By Paul Clarke
Of Financial News
The world's largest investment banks cut 700 frontline jobs last year, even as revenues in the industry surged to a 10-year high on the back of a Covid-19 fuelled trading bonanza.
Equities trading units were again at the sharp end of job cuts last year, according to research provider Coalition, as European banks pushed ahead with strategic cuts despite the boost from the coronavirus crisis.
Structured equity derivatives were the target of job cuts last year, as French banks including Societe Generale SA and Natixis posted deep losses in the first half of 2020 on the back of companies shelving dividend payments in the early days of the pandemic.
Equities is a low-margin business, and banks have continued to question the viability of their business lines. Both SocGen and Natixis cut equities jobs last year, while Deutsche Bank AG shuttered its stock trading unit as part of a broader strategic review. In 2021, HSBC Holdings PLC has also cut jobs within its European equities business.
In total, 600 jobs were lost from the top 13 investment banks' equities units last year.
Investment bank revenues were up by nearly 30% to $194.2 billion, the numbers show, the best performance in over a decade for the industry, led by a surge in fixed-income, currencies and commodities trading.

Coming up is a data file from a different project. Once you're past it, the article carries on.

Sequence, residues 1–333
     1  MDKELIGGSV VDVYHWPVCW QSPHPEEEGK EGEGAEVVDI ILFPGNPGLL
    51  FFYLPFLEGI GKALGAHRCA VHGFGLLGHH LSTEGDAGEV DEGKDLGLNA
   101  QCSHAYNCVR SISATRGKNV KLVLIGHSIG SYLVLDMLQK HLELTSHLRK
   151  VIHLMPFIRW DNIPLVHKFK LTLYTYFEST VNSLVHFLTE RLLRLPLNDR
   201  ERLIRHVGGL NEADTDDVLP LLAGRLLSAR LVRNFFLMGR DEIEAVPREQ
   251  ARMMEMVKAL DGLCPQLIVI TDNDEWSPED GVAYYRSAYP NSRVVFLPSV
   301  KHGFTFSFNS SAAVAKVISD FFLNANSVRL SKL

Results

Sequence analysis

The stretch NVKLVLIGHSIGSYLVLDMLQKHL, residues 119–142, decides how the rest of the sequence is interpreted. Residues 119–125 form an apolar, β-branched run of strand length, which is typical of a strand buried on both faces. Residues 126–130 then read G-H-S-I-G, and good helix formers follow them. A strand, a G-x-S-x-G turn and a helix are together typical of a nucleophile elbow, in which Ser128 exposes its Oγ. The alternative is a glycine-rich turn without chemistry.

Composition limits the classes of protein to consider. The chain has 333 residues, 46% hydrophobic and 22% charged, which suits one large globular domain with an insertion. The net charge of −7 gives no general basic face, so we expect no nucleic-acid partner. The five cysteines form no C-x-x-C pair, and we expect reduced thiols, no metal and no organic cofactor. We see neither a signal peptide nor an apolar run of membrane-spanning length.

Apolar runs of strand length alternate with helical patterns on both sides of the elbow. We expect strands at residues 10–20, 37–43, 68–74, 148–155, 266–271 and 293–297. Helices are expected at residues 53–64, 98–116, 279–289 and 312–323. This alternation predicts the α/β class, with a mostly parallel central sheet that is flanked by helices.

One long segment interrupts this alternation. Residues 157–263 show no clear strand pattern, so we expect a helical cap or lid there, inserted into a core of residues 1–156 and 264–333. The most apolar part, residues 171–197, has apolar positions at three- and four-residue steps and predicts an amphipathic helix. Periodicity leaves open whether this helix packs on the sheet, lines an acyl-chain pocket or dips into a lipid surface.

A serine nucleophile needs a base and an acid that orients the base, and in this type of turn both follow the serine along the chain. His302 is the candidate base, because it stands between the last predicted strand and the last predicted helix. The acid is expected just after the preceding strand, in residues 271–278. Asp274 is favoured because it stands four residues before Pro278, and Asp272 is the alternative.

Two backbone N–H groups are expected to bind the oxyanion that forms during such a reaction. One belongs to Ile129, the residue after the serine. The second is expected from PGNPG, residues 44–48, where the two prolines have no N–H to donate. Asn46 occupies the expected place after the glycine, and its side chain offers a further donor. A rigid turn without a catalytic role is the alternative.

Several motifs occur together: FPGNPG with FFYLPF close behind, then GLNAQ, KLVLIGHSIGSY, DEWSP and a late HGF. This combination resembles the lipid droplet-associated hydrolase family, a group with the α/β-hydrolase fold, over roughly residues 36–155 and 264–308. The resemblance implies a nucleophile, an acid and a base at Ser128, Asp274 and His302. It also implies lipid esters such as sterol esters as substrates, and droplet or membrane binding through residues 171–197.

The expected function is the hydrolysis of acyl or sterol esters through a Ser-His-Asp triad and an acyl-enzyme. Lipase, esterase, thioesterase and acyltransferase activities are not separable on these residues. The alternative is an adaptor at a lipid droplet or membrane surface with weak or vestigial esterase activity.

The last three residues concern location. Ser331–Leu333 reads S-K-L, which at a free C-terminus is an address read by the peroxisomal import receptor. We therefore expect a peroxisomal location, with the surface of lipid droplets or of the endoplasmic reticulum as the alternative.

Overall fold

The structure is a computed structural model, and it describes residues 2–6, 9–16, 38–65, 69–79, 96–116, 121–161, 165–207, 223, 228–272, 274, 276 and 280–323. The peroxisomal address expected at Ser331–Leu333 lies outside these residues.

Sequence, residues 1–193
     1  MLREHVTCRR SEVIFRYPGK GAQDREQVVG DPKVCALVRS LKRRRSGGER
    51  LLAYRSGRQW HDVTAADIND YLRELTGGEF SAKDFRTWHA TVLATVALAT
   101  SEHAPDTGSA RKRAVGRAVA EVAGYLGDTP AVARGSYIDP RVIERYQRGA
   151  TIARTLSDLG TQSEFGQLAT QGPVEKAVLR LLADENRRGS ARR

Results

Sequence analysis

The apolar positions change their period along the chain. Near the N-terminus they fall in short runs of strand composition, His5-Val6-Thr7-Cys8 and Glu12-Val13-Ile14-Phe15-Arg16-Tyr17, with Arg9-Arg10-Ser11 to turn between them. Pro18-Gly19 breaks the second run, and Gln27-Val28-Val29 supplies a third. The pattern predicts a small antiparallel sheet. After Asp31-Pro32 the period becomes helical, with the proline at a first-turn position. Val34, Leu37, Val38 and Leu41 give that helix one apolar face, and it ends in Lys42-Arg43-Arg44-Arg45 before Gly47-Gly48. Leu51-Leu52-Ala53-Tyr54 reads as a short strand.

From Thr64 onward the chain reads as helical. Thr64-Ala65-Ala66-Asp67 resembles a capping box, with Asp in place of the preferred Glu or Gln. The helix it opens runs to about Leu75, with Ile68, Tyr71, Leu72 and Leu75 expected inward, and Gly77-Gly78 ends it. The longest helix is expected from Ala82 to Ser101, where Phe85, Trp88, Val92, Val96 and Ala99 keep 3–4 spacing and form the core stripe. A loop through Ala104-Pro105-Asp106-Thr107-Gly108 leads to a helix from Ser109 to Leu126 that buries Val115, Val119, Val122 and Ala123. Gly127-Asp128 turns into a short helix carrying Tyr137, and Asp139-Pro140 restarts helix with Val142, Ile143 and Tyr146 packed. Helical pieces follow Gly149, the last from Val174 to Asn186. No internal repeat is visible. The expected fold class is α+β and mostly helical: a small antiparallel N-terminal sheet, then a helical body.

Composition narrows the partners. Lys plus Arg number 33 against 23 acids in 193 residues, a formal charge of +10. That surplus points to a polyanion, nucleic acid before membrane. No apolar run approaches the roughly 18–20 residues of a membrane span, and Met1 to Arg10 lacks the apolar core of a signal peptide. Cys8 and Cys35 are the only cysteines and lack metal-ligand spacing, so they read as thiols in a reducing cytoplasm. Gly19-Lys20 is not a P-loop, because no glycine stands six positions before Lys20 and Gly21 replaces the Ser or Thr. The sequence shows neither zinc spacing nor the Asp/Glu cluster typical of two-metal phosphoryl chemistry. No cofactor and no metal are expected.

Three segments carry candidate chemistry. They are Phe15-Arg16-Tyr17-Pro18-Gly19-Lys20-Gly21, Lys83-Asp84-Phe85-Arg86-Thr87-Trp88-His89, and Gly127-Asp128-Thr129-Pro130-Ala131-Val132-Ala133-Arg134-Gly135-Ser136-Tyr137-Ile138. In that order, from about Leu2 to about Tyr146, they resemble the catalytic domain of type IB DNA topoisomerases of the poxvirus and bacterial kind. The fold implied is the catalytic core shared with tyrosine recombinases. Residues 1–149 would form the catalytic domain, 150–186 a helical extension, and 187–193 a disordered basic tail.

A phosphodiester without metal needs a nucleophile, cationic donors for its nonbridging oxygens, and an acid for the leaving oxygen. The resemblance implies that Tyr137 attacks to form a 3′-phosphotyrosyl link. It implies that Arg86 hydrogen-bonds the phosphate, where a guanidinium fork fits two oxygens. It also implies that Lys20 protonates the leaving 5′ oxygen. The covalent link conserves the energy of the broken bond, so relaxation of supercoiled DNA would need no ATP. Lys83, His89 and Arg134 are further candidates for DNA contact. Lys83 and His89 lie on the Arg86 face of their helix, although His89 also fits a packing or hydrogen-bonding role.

Fixed-income revenues reached $98.3 billion in 2020, driven by sharp gains in commodities and rates trading. However, after a record first half for the business unit that has been subject to deep job cuts since the financial crisis, revenues slowed in the final six months of the year, and were up by 41% for 2020.
While bank executives have played down a repeat of 2020 for their trading divisions this year, some have said that 2021 has got off to a flying start. JPMorgan chief financial officer, Jennifer Piepszak, told a conference in February that its markets business has had a "very strong start" and was up "meaningfully." Morgan Stanley CFO Jonathan Pruzan, speaking at the same conference, said that "the first six weeks of the year feel more like 2020 than they do 2019".
Year on year, commodities units of investment banks were the star performers in 2020, with revenues surging by 98%. Rates trading units increased by 87%, according to Coalition, which didn't give revenue numbers for the two divisions.
Traditional investment banking units were spared from any cuts in 2020, with a reduction in M&A bankers offset by recruitment within equity capital markets, Coalition said. Revenues in the division were $49.4 billion, a 29% increase on 2019.
(END) Dow Jones Newswires
March 05, 2021 03:56 ET (08:56 GMT)Copyright (c) 2021 Dow Jones & Company, Inc.